Anti-US hacker takes credit for 'Here you have' worm
IDG News Service - A hacker who claims he was behind a fast-spreading e-mail worm that crippled corporate networks last week said that the worm was designed, in part, as a propaganda tool.
The hacker, known as Iraq Resistance, responded to inquiries sent to an e-mail address associated with the "Here you have" worm, which during a brief period early Thursday accounted for about 10 percent of the spam on the Internet. He (or she) revealed no details about his identity, but said, "The creation of this is just a tool to reach my voice to people maybe... or maybe other things."
He said he had not expected the worm to spread as broadly as it had, and noted that he could have done much more damage to victims. "I could smash all those infected but I wouldn't," said the hacker. "I hope all people understand that I am not negative person!" In other parts of the message, he was critical of the U.S. war in Iraq.
On Sunday, Iraq Resistance posted a video echoing these sentiments and complaining, through a computer-generated voice, that his actions were not as bad as those of Terry Jones. Jones is the pastor at a small Florida church who received worldwide attention this week for threatening to burn copies of the Koran.
Security experts agree that the worm could have caused more damage. However, it did include some very malicious components, such as password logging software and a backdoor program that could have been used to allow its creator to control infected machines. But because the software was not terribly sophisticated, it was quickly shut down as Web servers that it used to infect machines and issue new commands were taken offline last week.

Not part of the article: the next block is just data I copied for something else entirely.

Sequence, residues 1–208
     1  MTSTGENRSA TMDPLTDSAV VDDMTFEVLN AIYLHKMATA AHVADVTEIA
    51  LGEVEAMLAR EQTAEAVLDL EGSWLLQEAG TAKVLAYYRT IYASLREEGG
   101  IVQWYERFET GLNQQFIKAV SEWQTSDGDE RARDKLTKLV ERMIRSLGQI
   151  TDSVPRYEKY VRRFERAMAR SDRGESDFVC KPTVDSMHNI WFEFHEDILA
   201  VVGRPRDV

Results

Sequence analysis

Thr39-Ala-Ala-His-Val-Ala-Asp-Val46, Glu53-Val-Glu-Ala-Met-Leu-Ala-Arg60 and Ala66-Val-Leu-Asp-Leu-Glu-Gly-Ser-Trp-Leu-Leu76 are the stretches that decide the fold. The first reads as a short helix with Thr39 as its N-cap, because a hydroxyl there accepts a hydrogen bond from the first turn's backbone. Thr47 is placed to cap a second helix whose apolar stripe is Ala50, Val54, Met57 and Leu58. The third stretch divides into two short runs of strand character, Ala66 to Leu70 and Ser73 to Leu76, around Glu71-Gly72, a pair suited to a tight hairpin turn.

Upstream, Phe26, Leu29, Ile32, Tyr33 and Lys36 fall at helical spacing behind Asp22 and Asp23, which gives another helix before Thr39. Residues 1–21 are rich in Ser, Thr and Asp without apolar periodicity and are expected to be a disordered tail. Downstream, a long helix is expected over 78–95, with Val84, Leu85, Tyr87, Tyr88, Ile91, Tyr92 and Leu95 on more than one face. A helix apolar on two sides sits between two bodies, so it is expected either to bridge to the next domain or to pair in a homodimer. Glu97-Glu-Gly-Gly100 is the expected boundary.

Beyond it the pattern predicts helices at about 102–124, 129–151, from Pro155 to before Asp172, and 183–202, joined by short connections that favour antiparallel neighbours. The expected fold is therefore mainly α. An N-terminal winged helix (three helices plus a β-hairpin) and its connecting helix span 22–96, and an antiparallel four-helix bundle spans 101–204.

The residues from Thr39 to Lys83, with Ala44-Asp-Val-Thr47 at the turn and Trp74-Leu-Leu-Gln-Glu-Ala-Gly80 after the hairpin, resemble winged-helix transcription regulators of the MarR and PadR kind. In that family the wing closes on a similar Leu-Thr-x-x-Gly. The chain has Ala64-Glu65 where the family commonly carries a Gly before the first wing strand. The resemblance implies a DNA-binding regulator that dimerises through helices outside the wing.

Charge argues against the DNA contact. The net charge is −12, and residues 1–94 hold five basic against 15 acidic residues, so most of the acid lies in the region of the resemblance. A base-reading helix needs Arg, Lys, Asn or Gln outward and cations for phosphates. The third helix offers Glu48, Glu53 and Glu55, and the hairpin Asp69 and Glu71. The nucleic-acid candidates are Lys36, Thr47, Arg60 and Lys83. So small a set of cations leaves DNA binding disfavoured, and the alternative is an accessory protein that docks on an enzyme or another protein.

"Here you have" spread when victims clicked on a Web link and then allowed a malicious script to run on their computer.It is the more-successful follow-up to an August worm that included the e-mail address that Iraq Resistance used to communicate with the IDG News Service.
According to Cisco, the worm accounted for between 6 percent and 14 percent of the world's spam for a few hours Thursday. It primarily gummed up corporate e-mail networks in the U.S.
It is the first worm in years to have such a widespread and noisy effect, hearkening back to the days of the Anna Kournikova worm. Nowadays, most malware writers don't want to draw attention to their activities, because they generally want to keep their malicious software hidden away on victims' computers as long as possible.
Disney, Proctor and Gamble, Wells Fargo and the U.S. National Aeronautics and Space Administration (NASA) are among the organizations reported to have been hit by the worm.
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